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J. Mar. Sci. Eng. 2015, 3(2), 216-239; doi:10.3390/jmse3020216

The Effect of Elevated CO2 and Increased Temperature on in Vitro Fertilization Success and Initial Embryonic Development of Single Male:Female Crosses of Broad-Cast Spawning Corals at Mid- and High-Latitude Locations

1
Biodiversity Research Centre, Academia Sinica, Nangang, 115 Taipei, Taiwan
2
Instituto de Ciencias del Mar y Limnología, Universidad Nacional Autónoma de México, Puerto Morelos, Mexico
3
Faculty of Science, University of the Ryukyus, Okinawa 903-0213, Japan
*
Author to whom correspondence should be addressed.
Academic Editor: Loke Ming Chou
Received: 11 March 2015 / Accepted: 27 April 2015 / Published: 6 May 2015
(This article belongs to the Special Issue Climate Change and Coral Reefs Ecosystems)
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Abstract

The impact of global climate change on coral reefs is expected to be most profound at the sea surface, where fertilization and embryonic development of broadcast-spawning corals takes place. We examined the effect of increased temperature and elevated CO2 levels on the in vitro fertilization success and initial embryonic development of broadcast-spawning corals using a single male:female cross of three different species from mid- and high-latitude locations: Lyudao, Taiwan (22° N) and Kochi, Japan (32° N). Eggs were fertilized under ambient conditions (27 °C and 500 μatm CO2) and under conditions predicted for 2100 (IPCC worst case scenario, 31 °C and 1000 μatm CO2). Fertilization success, abnormal development and early developmental success were determined for each sample. Increased temperature had a more profound influence than elevated CO2. In most cases, near-future warming caused a significant drop in early developmental success as a result of decreased fertilization success and/or increased abnormal development. The embryonic development of the male:female cross of A. hyacinthus from the high-latitude location was more sensitive to the increased temperature (+4 °C) than the male:female cross of A. hyacinthus from the mid-latitude location. The response to the elevated CO2 level was small and highly variable, ranging from positive to negative responses. These results suggest that global warming is a more significant and universal stressor than ocean acidification on the early embryonic development of corals from mid- and high-latitude locations. View Full-Text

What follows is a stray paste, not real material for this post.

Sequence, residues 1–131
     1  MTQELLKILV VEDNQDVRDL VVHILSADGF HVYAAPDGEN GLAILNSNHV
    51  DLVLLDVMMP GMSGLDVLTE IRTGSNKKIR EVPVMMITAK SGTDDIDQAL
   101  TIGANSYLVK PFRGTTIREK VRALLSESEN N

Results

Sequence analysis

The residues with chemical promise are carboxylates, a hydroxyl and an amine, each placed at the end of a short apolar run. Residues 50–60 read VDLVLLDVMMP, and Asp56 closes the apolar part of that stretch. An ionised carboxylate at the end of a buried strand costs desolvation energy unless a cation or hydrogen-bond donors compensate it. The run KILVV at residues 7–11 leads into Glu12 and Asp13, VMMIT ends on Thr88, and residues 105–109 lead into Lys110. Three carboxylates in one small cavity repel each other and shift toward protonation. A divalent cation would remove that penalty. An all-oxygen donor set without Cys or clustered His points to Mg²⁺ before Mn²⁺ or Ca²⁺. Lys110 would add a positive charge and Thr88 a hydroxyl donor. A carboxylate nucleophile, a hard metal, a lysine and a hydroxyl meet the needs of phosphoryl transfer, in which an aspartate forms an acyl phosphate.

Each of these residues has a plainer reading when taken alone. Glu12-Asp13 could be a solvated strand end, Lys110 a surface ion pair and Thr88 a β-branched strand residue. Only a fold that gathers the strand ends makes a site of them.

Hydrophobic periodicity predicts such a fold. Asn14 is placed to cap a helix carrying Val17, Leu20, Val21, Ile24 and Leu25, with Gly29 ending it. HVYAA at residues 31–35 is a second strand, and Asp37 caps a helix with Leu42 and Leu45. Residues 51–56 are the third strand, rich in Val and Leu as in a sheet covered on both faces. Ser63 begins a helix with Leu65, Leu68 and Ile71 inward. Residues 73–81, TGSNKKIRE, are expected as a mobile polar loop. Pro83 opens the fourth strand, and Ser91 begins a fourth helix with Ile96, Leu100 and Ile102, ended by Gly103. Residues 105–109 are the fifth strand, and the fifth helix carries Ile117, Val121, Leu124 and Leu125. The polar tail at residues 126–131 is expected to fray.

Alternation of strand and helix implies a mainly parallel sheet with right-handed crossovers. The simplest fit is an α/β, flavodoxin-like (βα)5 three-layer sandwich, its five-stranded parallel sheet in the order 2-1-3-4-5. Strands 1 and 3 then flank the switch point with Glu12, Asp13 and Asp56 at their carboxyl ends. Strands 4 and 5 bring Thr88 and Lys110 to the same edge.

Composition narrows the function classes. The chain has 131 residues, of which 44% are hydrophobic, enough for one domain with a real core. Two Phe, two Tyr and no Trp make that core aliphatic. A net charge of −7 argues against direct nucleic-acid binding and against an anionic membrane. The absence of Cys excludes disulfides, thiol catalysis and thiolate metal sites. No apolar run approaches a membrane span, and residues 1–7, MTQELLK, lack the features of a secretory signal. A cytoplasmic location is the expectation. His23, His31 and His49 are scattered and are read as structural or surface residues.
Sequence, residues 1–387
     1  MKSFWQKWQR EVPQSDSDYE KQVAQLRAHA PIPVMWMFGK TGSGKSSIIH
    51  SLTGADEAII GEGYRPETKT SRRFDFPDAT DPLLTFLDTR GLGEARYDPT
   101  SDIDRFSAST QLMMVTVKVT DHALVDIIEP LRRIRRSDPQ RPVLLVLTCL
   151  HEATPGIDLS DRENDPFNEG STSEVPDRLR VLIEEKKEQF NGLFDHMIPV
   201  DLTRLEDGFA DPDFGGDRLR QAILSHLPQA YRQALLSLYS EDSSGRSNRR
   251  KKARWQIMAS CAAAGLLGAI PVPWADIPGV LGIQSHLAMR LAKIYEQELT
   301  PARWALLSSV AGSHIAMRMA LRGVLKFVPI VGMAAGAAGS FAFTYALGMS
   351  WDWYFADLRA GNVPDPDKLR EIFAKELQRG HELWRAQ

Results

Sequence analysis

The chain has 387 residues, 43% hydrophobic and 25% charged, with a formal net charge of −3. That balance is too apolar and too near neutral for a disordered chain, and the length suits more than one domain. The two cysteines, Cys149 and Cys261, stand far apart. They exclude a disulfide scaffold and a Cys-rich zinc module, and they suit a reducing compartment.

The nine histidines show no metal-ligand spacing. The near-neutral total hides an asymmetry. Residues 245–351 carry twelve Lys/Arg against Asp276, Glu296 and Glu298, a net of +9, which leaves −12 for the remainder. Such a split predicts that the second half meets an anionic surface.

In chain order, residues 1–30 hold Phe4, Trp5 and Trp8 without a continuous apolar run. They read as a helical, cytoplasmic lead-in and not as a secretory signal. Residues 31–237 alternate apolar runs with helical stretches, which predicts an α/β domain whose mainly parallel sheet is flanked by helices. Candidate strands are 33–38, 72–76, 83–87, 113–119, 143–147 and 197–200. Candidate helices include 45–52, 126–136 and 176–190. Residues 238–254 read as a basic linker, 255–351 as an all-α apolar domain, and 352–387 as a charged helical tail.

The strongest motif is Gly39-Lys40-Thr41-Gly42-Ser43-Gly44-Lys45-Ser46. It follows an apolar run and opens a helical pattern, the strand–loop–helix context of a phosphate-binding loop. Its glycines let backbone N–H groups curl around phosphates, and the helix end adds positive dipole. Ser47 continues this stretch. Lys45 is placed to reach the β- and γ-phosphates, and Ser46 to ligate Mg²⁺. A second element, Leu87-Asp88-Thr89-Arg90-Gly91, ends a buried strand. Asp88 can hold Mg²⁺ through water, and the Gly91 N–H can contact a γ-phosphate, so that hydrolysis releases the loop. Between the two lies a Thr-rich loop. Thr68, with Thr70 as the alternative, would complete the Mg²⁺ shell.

Keywords: fertilization; development; temperature; CO2; broadcast-spawning corals; latitudinal location fertilization; development; temperature; CO2; broadcast-spawning corals; latitudinal location
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This is an open access article distributed under the Creative Commons Attribution License which permits unrestricted use, distribution, and reproduction in any medium, provided the original work is properly cited. (CC BY 4.0).

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MDPI and ACS Style

Schutter, M.; Nozawa, Y.; Kurihara, H. The Effect of Elevated CO2 and Increased Temperature on in Vitro Fertilization Success and Initial Embryonic Development of Single Male:Female Crosses of Broad-Cast Spawning Corals at Mid- and High-Latitude Locations. J. Mar. Sci. Eng. 2015, 3, 216-239.

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